I became involved with Wising Up Press because of my long relationship with Heather Tosteson and Charles Brockett, which did not begin with the press but with my relationship with Heatherand her son when she was a doctoral student at Ohio University, where I was also finishing a counseling degree. Even though we were related through my mother and her grandmother (they were the youngest sisters in a large immigrant family from Wales), it was through that period of time in Ohio that Heather and her son became part of my family. Through me, Heather met my friends, including Nancy Pelletier, who had received her MFA from Ohio University. Each year in Marietta, Nancy and I held a Neat Ladies Lunch. Nancy and I had discovered that each of us - she as head of a Humanities department in a community college and I as a family therapist active in community mental health - had wonderful sets of friends in our professional lives who didn't know each other, so we brought them together - and brought Heather in too. I remember Heather so loving the Neat Ladies Lunches, which was perhaps an early version of this women's collectiveWe were ahead of our time - because we were doing it not from any ideological basis, but from a life-saving basis, just because we liked each other and wanted to know each other. If you were at those lunches, you knew everything going on in that town. We were all community focused, involved in the world. We always had the illusion that maybe we could solve some of the problems in our Appalachian community. We were all involved in some way. Looking back now in my mid-seventies, to that time when I had five kids at home and was going back to school, starting a community mental health center, we really did something. We bloomed where we were planted.
Over the years, Heather and I stayed connected - through moves, family crises and celebrations, weddings and divorces. Some of those events - Nancy Pelletier's marriage at age 80 to her high school sweetheart Louis Wymond and my own divorce after 53 years of marriage -inspired Heather to suggest we collaborate on a Wising Up Anthology: Love After 70. Nancy and I agreed. All these submissions came in. We met in Marietta (after Heather did some heavy work and hard lifting in Georgia) to review three identical stacks of manuscripts. We each sorted them separately into yes, no and maybe piles. For me, an avid reader, there was a humbling sense of power in saying, no I don't want this, knowing that the person who wrote it had really worked on it and loved it. Finally comparing our piles in my condo in Williamstown, we discovered that there was a great deal of agreement as to what we liked. And what we didn't. We had a real laugh about a male fantasy (the author, we checked it out on web, was only 50) - ofa man in his 90s entertaining a prostitute dressed as Marlene Dietrich.
Nancy and I created a dog and pony show for Love After 70, each of selecting some of our favorite pieces to read. We came down, with Louis, to Atlanta, where we helped with the Wising Up Press booth at the Decatur Book Festival. We wore matching t-shirts with the cover ofthe book on them, and everyone stopped us to ask about the book. We were the best advertisement going. We also read at retirement centers in Atlanta and had wonderful conversations with our audience, who shared their own experiences, losses and loves. We continue our dog and pony show in our own area - at Nancy's retirement community, a senior citizen center, the POE women's sorority group, and the Washington Community College poetry program. We get a call - Will you come and talk to our group? -and we're off. Marietta Senior Reading Club, which has been in existence for over 146 consecutive years, was the first place we read after Louis died. Love After 70 is quite a sensuous book. We thought that some readers would be put off, but they have been quite moved and have loved the book.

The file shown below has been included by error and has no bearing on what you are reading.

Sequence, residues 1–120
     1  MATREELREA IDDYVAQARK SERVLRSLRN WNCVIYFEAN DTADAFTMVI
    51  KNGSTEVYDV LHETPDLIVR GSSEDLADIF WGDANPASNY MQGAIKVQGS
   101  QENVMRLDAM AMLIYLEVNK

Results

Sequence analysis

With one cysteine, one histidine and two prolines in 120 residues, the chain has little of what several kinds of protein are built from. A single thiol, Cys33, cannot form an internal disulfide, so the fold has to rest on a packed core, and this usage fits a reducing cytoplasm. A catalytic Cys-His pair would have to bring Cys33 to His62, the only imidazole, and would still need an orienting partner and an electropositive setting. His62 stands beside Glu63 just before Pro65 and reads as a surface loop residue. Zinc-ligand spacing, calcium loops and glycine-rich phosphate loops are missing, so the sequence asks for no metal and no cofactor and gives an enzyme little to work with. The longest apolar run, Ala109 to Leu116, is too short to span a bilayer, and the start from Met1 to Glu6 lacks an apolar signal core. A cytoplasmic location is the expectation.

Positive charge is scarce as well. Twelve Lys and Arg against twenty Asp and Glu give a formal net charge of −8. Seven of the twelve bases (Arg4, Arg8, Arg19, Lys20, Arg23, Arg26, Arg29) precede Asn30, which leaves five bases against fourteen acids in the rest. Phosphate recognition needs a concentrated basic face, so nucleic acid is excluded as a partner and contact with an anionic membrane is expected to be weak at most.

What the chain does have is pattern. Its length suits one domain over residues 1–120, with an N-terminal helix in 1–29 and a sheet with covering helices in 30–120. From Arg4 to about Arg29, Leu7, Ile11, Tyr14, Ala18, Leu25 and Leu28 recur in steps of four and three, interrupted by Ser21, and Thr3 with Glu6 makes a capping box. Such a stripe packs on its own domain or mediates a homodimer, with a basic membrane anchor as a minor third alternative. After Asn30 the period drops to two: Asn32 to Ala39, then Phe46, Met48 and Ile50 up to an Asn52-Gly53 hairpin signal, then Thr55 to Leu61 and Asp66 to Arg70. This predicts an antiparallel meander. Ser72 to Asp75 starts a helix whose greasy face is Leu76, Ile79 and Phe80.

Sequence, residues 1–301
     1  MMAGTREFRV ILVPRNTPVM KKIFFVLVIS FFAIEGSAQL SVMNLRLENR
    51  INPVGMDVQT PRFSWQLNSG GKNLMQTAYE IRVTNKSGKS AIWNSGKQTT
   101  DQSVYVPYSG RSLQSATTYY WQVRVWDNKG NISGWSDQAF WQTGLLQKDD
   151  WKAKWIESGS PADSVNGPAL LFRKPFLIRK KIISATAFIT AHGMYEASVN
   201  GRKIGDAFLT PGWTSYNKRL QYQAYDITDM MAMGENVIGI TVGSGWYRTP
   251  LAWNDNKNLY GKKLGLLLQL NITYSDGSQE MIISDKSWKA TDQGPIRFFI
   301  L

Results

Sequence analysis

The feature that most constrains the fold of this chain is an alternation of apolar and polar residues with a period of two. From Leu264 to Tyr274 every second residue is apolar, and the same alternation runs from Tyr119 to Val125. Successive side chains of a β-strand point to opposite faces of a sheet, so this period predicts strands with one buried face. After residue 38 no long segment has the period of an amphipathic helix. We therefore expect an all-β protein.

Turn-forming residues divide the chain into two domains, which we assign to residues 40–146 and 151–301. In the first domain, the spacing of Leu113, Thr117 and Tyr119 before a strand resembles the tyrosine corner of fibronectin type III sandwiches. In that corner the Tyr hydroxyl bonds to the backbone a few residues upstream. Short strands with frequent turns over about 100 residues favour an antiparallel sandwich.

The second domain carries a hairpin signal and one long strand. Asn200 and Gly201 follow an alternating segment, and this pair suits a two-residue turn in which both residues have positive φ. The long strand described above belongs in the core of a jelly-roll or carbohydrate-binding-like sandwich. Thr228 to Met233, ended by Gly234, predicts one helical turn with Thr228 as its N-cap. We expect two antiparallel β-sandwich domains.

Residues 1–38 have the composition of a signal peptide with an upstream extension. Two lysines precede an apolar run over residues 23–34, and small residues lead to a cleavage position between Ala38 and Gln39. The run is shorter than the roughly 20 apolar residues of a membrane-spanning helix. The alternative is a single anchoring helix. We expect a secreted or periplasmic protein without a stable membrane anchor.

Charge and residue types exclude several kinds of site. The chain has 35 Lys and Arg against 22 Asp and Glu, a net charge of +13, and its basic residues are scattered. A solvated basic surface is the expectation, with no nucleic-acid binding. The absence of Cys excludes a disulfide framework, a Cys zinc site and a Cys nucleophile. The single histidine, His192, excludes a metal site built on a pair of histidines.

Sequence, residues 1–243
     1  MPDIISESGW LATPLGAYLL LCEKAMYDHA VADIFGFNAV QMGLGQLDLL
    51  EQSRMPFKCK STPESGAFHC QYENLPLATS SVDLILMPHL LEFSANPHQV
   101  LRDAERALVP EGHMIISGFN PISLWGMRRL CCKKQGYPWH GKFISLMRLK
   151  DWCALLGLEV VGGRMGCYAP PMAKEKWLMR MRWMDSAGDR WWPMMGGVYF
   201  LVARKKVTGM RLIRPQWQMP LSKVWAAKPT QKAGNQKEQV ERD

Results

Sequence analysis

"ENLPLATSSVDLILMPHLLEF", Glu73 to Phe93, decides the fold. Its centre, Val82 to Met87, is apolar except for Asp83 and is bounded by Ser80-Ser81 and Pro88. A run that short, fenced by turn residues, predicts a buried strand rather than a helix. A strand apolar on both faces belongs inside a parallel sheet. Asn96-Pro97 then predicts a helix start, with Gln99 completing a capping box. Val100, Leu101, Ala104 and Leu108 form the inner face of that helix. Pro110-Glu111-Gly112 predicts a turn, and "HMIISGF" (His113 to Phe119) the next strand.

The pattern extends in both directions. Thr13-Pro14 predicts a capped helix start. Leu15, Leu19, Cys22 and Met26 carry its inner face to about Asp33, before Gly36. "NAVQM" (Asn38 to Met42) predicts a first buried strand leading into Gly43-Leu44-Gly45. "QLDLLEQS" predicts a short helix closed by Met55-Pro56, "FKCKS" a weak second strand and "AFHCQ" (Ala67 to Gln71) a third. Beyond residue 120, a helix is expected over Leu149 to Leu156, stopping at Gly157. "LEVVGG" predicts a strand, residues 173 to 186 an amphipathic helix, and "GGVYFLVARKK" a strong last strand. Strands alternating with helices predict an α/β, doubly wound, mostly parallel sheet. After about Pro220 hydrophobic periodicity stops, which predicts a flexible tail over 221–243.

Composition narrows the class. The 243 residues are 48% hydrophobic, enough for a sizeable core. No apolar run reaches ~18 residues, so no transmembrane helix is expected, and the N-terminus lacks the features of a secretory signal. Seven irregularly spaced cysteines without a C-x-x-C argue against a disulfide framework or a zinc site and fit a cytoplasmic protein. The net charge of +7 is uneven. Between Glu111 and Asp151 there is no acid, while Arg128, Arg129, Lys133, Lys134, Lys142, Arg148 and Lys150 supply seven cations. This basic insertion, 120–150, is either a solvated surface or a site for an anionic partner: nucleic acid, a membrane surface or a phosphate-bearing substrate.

As an adult, I've always been an avid reader. I haven't read a lot of the classics. I feel guilty, but don't have time to read them because I like what I'm reading now. Reading keeps me connected with the larger world. I have belonged for years to theBetsy Bookers book club. We meetonce a month. Each person takes a month, chooses a book of her liking, and we discuss it over lunch (we don't have wine. . . ). The person who has chosen the book has done some research into the author, sought out reviews (positive and negative). Once, one member couldn't find reviews and called the author and interviewed her directly.
As an avid reader, I can see that I read a little differently from the writers in the collective. I draw on my own experience and my own professional interests. I know clearly what I like and don't like and can tell you why, but without anyliterary rhetoric. I can tell you if I like the characters, whether I am emotionally invested in them, whether I would like to meet them. Prize-winning books where you don't care about a single character don't interest me - but I read passionately and with a sense of direct engagement. I love things that are complex, like The Reader, which raises interesting questions about collective guilt, where does our responsibility lie, what would happen to me in the same circumstances. My best friend growing up was Jewish, and I always asked myself what I would do in those circumstances. Same as a therapist in Appalachia, when I listened I always wondered if I could live the lives of the women I was counseling. The gift I gave back to them was how I mirrored how marvelous and strong they were. I expect the same in the books I read.